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Page:Popular Science Monthly Volume 24.djvu/93

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ture because of supposed witchcraft. In India it is still believed in some parts that small-pox is a demon, and efforts are made to propitiate it, so that, if unnecessary torture and small-pox are evils, we are better for the light which the scientific man has thrown on these subjects. Still, it must be admitted that in particular ways the development of science has produced new evils as well as new benefits, and for that matter no sort of progress is made without collateral evils. But the question then remained as to the remedy, and in his opinion that remedy could be very shortly described as more science and not less. There is no sort of conflict between a scientific and a literary education. Everybody ought to have some literary knowledge, and everybody ought to be taught the first principles of science; even a smattering of chemistry might be useful in a literary pursuit. He himself had found what little smattering of science he had acquired at Cambridge and elsewhere of the greatest use in every other kind of study. The habits of thought and feeling acquired by the study even of mathematics, which he took to be the most uninteresting science there is to most individuals, are very useful when one comes to need accurate thinking anywhere, even in matters purely literary.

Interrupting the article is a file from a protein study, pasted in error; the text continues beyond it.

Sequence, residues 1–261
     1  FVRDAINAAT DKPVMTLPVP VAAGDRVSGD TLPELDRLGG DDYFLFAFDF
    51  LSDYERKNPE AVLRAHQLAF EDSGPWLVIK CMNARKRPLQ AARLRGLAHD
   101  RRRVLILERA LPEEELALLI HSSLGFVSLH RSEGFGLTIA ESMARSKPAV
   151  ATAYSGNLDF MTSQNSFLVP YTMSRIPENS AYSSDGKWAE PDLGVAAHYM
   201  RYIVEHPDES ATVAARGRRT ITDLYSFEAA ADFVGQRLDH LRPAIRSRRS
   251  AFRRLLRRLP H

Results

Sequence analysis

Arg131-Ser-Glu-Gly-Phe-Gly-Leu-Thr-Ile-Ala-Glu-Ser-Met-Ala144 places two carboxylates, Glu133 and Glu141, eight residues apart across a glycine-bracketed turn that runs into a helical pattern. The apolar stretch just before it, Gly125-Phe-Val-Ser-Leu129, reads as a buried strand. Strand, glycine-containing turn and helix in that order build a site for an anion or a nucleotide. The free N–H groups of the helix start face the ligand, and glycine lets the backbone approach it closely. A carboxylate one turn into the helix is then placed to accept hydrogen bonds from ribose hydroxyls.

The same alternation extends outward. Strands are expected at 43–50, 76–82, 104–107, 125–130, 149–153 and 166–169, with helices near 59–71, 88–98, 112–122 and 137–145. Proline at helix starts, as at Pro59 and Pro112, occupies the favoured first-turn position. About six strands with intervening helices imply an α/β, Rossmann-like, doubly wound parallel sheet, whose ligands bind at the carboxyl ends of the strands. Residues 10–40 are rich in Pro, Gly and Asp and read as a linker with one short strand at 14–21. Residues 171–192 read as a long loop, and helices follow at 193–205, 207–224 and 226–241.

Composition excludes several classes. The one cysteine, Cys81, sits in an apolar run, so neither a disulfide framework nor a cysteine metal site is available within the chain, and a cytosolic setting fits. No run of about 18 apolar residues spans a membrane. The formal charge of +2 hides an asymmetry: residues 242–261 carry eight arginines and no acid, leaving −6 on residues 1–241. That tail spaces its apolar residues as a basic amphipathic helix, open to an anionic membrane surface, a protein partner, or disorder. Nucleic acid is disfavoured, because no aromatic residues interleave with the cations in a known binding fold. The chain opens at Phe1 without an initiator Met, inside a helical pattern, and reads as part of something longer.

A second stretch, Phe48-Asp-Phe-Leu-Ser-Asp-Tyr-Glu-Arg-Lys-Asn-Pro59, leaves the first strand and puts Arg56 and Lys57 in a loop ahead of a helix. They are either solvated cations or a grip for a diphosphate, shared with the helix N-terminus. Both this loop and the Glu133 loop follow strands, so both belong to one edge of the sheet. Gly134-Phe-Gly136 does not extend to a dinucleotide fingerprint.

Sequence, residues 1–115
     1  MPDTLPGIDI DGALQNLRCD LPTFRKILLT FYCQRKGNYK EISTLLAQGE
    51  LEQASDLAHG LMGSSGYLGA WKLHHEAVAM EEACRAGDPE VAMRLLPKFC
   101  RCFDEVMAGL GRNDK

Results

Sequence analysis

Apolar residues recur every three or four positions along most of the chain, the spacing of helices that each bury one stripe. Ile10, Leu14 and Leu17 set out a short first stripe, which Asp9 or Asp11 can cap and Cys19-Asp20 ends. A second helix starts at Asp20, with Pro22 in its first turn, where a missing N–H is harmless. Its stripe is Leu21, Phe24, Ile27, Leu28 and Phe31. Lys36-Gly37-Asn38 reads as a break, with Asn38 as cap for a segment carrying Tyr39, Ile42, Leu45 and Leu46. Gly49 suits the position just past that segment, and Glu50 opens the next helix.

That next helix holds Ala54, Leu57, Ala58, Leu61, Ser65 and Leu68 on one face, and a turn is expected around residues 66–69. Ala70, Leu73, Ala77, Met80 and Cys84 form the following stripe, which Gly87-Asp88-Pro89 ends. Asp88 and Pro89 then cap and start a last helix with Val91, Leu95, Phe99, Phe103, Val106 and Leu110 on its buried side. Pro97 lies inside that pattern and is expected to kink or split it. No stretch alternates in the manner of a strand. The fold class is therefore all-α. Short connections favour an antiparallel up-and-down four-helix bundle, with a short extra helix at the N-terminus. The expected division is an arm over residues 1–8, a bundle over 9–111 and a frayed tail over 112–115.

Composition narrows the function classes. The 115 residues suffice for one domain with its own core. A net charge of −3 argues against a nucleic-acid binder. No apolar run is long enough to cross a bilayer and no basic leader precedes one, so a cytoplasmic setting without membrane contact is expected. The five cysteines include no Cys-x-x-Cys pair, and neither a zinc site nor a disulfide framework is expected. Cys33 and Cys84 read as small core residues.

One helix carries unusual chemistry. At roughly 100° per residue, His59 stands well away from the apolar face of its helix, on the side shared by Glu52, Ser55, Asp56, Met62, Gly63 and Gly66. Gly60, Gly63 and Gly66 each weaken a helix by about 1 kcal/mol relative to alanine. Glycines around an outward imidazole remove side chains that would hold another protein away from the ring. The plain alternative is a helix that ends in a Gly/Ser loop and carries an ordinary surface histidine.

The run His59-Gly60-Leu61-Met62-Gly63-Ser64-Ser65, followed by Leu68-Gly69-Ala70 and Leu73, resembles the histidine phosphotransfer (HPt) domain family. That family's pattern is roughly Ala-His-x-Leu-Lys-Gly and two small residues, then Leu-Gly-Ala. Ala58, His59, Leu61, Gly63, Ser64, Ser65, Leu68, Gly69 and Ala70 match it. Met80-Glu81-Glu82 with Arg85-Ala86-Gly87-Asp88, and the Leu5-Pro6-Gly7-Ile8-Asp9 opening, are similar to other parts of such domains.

"It had been urged that science prevents a man from taking the same sort of pleasure in nature as he would do without it. Wordsworth was very fond of saying this, and of denouncing generally the scientific position. But the reason of that was, that Wordsworth knew nothing about science. The result was, that there is no other instance of so great a poet leaving off writing great poems so early in his career. All his finest poems were written in his early life; and the reason is, that he went mooning about the mountains by himself, and did not get any new thoughts. In contrast to him Goethe stands out as a man great in both science and poetry, and is a typical example of the way in which they react on one another. Whenever it was suggested that science is opposed to a love of nature, the speaker always thought of the greatest man of science of modern times, Mr. Darwin, whose books are, apart from their scientific value, quite delightful in their literary style. No one, for instance, could read his 'Voyage in the Beagle' without seeing that Darwin's love of science was only a part of his love of nature. There is, indeed, no conflict between the two, and a man can not strengthen the one side of his nature without at the same time contributing to strengthen the other. Indeed, the reason why so many of our living poets are inferior to those who wrote at the beginning of this century, or to those of an earlier generation still, is just that they have not had the pluck to look science in the face, but have only taken a passing and sideway glance at it.

"An important point in the argument—namely, the relation of science to morality—was suggested by the remarks that had been made on the subject of vivisection. The vivisection question, in the first